The other night, I was having dinner at Boulevard with two friends who do not drink. One friend commented, "You know one of the things I regret about not drinking? I missed the mojito."
Missed the mojito. How can anyone miss the mojito? It's everywhere. Everywhere. I examined the tables around us and noticed glasses pasted with the telltale bruised mint on two of them. In February.
As a waiter, I see people ordering them all the time. All the time. I cringe when I order them because I know the bartenders are going to hate me. When one person orders a mojito, invariably, someone else will say, "Oh! I'll have one of those, too." and then the question and following anecdote are generally uttered (well, I have heard this exact exchange twice in the past month-- enough to trip my trendy alarm) to any remaining non-mojito-ordering guests, "Have you ever had a mojito? I discovered them at such-and-such-a-place." Funny, I didn't know sheep could actually discover anything, unless it was a patch of grass uneaten by cows. Or that they secretly thrill at the approach of a Greek man. Discover? My cloven foot.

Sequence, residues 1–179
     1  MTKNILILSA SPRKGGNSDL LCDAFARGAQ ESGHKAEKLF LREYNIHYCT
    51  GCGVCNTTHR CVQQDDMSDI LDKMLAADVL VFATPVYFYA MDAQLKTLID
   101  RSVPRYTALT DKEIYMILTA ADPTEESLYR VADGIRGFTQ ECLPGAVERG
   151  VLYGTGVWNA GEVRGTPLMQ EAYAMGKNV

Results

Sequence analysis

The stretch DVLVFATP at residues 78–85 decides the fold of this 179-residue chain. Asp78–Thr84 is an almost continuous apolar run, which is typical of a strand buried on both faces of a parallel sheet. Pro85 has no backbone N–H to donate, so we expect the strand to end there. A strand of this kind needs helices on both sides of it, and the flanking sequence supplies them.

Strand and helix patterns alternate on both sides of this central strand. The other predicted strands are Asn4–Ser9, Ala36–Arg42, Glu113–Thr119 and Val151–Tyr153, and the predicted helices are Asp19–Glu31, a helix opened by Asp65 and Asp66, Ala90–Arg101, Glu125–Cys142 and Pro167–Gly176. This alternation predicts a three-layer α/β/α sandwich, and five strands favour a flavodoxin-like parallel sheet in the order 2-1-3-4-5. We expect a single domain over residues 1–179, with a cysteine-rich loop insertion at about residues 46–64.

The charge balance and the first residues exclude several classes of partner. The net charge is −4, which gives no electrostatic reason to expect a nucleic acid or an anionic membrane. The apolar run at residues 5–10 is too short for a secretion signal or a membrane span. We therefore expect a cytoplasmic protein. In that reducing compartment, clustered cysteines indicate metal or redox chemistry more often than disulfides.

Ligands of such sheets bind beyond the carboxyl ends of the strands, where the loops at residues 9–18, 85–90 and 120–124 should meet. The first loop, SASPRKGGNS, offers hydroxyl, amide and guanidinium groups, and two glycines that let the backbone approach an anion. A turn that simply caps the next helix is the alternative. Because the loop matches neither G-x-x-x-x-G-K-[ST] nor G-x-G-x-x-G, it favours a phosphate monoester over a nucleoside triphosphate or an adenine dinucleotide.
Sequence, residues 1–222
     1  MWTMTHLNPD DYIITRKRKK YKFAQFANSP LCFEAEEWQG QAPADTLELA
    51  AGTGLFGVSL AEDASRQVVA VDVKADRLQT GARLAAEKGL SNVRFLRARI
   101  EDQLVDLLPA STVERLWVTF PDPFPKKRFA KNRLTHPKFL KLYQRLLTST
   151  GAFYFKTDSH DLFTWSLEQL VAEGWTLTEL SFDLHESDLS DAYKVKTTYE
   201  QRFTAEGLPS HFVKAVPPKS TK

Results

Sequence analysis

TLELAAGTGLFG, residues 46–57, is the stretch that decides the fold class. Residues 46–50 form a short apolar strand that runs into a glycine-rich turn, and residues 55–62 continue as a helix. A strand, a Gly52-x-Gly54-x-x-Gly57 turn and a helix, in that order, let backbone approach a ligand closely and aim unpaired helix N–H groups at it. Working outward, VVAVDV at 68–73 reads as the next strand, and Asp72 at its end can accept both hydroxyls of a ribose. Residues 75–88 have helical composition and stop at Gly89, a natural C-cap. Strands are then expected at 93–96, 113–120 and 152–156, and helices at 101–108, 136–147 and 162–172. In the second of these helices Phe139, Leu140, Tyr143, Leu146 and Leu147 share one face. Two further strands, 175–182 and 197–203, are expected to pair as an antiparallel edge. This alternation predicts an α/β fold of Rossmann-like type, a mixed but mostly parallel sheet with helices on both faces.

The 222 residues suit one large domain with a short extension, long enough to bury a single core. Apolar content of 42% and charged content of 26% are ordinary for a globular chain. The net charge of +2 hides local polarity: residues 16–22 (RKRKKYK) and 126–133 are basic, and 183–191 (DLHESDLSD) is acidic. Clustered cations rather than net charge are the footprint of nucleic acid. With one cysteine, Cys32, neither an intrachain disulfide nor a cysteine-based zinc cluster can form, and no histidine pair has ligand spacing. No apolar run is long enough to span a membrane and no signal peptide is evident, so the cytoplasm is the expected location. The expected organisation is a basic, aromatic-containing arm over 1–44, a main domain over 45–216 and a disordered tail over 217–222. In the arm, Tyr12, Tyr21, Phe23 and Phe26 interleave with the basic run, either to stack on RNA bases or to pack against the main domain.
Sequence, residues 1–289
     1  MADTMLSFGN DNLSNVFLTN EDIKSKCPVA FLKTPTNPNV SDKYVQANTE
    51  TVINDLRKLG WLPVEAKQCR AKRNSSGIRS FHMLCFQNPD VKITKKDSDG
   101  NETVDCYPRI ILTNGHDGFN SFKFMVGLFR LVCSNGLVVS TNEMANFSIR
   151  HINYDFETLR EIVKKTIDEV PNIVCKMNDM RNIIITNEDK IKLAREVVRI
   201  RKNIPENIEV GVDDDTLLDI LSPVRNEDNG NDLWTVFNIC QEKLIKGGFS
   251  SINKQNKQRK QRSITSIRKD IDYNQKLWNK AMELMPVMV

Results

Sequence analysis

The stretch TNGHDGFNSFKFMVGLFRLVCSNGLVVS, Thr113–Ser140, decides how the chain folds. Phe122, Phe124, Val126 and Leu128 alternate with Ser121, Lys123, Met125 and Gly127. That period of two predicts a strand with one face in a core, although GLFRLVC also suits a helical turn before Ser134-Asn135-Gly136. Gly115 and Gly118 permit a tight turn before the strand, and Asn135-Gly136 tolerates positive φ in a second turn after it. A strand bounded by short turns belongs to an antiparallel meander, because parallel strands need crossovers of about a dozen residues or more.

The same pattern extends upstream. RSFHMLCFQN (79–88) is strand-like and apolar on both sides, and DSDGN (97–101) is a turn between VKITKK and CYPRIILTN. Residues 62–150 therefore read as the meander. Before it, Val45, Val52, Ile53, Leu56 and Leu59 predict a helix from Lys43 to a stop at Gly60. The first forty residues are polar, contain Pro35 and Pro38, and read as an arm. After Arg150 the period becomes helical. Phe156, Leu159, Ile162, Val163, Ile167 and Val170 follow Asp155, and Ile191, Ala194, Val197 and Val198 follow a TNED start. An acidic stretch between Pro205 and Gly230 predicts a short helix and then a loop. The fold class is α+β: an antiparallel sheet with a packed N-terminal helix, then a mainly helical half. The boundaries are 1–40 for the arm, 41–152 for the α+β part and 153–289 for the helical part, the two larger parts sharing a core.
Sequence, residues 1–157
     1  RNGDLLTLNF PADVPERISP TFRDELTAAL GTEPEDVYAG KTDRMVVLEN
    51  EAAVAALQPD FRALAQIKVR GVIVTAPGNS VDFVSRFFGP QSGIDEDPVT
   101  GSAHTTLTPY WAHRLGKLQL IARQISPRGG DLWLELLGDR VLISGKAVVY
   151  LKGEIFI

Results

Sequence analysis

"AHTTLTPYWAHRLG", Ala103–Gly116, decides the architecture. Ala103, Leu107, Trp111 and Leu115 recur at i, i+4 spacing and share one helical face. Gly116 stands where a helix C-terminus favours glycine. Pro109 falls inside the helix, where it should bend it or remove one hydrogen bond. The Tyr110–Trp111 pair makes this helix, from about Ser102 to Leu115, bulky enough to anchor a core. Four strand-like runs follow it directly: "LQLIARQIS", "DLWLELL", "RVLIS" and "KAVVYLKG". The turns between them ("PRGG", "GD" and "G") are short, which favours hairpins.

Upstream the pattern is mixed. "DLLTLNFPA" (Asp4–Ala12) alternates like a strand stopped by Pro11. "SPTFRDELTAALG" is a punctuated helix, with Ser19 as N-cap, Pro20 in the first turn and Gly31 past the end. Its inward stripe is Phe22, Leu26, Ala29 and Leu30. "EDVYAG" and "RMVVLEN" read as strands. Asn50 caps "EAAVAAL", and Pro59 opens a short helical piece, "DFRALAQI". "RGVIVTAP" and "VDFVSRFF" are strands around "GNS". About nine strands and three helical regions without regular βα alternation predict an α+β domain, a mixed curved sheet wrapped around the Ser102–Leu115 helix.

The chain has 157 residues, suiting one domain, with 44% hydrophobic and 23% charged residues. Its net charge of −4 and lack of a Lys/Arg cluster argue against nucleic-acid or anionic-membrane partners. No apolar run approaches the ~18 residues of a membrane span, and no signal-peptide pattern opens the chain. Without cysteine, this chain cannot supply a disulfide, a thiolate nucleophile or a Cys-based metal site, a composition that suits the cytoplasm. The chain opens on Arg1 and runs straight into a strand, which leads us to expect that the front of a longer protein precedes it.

The fact is (or legend, at least) that mojitos, or some variation thereof, have been with us for a very long time. This is a classic cocktail, drunk in one form or another for since perhaps the late 16th century when the pirate Richard Drake created for himself a beverage of aguardiente (an unrefined rum), lime, sugar and mint. He named it El Draque (The Dragon). Pirates do not typically shy away from self-promotion. This concoction has been drunk for centuries in Cuba and the various other Caribbean lands Drake terrorized.